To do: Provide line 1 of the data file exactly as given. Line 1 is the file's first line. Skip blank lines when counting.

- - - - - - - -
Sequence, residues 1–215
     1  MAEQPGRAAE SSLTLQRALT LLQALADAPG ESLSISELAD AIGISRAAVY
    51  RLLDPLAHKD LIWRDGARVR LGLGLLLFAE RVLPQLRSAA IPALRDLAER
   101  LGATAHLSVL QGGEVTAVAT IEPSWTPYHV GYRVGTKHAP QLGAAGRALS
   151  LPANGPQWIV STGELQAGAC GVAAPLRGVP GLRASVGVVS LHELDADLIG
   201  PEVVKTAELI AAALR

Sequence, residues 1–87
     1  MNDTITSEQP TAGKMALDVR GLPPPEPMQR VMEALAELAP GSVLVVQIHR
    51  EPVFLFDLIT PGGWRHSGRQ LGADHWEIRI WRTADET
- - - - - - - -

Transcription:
Sequence, residues 1–215